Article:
Sheet cakes are wonderful because they can serve a crowd much more easily and efficiently than any other shape of cake. Most home sheet cakes are rectangular – typically 9×13-inches or so – and the size of a sheet cake can make it difficult to handle when it comes time to serve your dessert. Unlike smaller cakes, which are easy to turn out of the pans that they are baked in, sheet cakes are not always sturdy enough to handle being moved around a lot.
As a result, most of the time that we bake sheet cakes at home, we serve the directly from the pan that they are baked in. And while it is easy to carry a pan to the table, it isn’t always easy to get pieces out neatly. Fortunately, these tips will help you get both individual slices and whole sheet cakes out of the pan without too much fuss.
How to Cut A Sheet Cake in the Pan
When it comes time to serve your sheet cake from the pan, you’ll need a sharp knife and a small spatula. Lightly score the cake into the slices that you intend to cut (4×6, for instance), then cut the cake along those lines. Cutting the whole cake at once, wiping excess frosting off the knife as you go, tends to result in more even slices. Starting with a corner piece, cut the slice in half. This small piece will be a sacrifice piece, even though it will taste as delicious as the rest of the cake. Slide the small spatula (or even a butter knife) under the small corner piece and lift it out. Repeat the process with the second small slice. Now that you have a clear corner, you can slide the spatula under the next piece and serve the remainder of the cake just as you cut it.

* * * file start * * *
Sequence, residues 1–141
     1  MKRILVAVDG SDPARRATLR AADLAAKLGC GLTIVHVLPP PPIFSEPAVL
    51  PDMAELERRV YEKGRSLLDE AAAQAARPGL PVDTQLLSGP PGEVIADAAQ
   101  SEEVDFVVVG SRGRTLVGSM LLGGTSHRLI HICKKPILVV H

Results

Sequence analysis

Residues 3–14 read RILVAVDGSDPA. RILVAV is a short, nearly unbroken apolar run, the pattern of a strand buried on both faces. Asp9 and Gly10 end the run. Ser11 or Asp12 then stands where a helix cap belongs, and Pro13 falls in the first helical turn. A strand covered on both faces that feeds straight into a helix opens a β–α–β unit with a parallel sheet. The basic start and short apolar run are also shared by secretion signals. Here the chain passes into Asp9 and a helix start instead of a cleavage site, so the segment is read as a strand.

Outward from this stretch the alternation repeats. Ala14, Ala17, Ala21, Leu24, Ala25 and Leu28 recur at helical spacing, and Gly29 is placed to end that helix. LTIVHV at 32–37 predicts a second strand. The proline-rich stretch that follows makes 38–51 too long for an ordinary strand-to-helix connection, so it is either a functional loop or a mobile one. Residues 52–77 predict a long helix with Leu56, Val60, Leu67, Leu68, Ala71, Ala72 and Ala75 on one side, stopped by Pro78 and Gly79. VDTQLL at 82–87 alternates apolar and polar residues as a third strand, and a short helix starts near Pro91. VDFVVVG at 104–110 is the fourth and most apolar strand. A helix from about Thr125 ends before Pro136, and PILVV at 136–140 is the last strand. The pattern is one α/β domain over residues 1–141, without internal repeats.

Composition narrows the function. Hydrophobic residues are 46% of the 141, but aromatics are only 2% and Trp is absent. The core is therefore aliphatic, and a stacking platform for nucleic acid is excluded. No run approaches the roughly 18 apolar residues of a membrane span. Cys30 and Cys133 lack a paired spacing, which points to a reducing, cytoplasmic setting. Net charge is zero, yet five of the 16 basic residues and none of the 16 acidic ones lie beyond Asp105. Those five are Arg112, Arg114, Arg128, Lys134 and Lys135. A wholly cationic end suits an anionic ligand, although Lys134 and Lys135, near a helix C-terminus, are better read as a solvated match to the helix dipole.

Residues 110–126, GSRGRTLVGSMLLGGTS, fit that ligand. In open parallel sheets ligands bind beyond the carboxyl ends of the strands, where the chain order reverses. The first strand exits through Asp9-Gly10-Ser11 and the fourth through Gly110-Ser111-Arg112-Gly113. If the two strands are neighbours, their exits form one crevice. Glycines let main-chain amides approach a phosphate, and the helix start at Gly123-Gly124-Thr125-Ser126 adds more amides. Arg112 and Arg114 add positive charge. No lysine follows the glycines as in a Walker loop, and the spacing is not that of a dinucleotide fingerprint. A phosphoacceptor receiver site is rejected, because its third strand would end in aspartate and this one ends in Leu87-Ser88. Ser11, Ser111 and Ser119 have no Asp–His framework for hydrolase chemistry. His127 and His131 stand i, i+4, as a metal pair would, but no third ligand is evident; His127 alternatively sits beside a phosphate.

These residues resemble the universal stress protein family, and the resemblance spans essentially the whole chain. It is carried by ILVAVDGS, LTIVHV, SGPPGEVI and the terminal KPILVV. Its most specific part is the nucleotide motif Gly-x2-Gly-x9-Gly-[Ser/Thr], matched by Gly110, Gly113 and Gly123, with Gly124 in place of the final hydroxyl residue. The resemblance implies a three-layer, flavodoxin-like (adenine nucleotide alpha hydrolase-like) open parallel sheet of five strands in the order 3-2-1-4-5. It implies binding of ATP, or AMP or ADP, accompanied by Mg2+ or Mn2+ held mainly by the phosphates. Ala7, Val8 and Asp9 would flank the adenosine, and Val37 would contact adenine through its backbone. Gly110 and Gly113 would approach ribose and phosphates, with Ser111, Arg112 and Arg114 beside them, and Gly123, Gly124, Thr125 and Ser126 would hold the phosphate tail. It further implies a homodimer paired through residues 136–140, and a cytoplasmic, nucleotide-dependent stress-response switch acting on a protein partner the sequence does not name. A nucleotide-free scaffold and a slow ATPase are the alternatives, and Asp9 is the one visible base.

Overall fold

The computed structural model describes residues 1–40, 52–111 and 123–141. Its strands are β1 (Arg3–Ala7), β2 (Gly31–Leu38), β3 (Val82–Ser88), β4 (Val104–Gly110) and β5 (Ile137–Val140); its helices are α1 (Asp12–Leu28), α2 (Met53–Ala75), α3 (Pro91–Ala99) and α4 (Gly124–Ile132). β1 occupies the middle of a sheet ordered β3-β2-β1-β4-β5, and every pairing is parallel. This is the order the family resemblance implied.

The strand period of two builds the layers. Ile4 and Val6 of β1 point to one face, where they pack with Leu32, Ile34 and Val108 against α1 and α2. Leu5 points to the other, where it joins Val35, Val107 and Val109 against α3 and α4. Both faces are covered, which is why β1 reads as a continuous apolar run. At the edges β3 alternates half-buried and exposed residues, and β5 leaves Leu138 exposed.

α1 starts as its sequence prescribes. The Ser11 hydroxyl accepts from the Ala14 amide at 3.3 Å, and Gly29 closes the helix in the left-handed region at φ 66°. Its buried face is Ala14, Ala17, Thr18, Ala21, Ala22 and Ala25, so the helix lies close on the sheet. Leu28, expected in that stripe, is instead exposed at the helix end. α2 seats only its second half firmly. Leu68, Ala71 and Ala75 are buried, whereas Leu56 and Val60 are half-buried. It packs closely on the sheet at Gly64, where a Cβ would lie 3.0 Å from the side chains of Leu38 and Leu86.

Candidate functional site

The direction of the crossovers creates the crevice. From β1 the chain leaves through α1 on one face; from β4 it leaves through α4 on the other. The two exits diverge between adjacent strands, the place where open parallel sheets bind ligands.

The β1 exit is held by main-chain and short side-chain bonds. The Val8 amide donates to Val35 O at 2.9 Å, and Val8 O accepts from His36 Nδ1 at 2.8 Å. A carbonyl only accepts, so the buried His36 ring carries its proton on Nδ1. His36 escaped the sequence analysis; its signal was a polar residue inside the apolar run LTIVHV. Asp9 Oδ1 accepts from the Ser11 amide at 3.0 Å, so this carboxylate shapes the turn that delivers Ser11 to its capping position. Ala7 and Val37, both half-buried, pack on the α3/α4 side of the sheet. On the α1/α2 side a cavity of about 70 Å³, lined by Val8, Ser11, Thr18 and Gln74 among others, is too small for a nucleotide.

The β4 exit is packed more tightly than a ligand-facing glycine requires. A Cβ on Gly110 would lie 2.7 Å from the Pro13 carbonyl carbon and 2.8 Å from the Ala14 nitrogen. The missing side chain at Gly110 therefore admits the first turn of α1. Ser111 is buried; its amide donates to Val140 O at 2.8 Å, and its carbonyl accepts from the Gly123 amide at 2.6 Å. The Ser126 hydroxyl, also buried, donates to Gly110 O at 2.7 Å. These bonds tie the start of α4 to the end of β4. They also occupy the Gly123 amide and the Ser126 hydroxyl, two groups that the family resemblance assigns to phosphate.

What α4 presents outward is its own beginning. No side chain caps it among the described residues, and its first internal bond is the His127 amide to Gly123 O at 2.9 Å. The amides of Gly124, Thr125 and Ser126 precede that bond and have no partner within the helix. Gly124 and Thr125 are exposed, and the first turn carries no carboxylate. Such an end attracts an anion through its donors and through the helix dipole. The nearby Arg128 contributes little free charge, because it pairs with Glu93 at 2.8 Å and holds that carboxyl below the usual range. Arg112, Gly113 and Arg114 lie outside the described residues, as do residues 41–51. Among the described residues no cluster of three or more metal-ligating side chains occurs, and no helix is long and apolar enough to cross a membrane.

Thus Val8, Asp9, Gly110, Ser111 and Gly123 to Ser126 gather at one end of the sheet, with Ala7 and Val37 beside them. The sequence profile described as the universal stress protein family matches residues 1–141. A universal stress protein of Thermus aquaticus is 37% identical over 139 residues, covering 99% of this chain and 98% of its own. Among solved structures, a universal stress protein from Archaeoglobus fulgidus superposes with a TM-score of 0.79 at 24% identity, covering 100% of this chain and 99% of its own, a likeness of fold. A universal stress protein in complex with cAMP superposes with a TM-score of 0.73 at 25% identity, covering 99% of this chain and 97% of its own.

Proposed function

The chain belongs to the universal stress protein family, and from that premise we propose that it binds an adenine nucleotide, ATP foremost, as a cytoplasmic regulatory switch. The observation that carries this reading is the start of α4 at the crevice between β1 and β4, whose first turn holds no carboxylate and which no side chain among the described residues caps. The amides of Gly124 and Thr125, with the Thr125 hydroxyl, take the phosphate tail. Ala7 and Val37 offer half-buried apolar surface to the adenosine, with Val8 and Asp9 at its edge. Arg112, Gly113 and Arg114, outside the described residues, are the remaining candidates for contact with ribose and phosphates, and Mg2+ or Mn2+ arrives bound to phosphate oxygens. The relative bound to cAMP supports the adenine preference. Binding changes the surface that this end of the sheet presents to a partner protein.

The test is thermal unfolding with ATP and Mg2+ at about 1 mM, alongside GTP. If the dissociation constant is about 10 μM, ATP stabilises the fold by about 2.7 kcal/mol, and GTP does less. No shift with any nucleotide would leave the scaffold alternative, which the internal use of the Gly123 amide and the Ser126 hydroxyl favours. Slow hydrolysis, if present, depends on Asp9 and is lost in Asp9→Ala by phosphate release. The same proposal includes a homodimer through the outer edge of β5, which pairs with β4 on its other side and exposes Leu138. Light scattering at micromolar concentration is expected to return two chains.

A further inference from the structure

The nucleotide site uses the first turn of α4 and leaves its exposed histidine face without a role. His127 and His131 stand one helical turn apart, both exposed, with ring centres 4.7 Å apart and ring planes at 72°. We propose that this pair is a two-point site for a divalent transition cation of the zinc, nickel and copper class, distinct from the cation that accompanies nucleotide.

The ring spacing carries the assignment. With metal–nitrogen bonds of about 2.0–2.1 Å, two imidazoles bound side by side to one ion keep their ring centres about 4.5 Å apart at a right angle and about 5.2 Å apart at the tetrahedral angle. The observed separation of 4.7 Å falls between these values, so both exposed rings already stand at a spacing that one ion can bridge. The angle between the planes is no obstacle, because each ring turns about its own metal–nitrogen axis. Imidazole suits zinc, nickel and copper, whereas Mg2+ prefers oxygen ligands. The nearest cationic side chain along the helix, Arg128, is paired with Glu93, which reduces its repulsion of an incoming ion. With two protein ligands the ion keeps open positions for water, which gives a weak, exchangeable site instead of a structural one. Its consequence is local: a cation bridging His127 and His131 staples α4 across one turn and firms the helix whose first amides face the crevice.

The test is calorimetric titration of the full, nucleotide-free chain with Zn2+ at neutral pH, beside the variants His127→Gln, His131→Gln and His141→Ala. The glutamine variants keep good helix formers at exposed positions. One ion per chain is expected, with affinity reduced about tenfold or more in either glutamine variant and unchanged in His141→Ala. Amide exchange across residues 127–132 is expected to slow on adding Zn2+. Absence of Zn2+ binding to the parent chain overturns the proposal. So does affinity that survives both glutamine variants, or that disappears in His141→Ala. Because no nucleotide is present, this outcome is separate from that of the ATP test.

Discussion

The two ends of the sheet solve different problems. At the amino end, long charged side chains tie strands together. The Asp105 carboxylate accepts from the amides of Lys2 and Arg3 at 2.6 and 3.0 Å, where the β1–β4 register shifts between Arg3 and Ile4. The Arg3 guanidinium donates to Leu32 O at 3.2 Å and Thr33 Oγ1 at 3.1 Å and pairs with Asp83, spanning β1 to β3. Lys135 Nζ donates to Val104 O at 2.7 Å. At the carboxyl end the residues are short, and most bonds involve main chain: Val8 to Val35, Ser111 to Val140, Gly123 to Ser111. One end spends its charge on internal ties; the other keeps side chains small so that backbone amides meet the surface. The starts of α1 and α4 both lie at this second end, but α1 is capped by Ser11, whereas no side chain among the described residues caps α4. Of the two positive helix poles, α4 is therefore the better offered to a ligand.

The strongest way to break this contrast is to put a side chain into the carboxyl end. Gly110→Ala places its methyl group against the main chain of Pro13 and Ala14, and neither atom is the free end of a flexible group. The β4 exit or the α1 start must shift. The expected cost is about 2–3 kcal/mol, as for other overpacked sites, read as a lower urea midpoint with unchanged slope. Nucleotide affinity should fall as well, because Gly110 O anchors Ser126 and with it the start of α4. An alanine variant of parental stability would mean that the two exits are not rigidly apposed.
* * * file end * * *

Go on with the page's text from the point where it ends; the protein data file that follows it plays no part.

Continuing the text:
How to Get a Whole Sheet Cake Out of the Pan
If you want to get the whole sheet cake out of the pan, you’re going to need a wire rack and a large cake platter. It would also be best if you greased your pan well and lined the bottom of it with parchment paper. After the cake has cooled, place the wire rack on top of the pan and invert the cake onto it. You can use a cutting board in a pinch, but I much prefer a wire rack because the cake is less likely to stick to it. Next, re-invert the cake onto a large serving platter. Now, you can frost the cake as desired and easily cut slices in any size you’d like.
Do not frost the cake before removing it from the pan if you are planning to take the whole cake out to serve. Even if you line the pan so that you can lift it out (with parchment paper or aluminum foil), which I often recommend for brownies and smaller cakes, the cake will likely bend in the middle as you lift, leaving the frosting looking less than picture-perfect.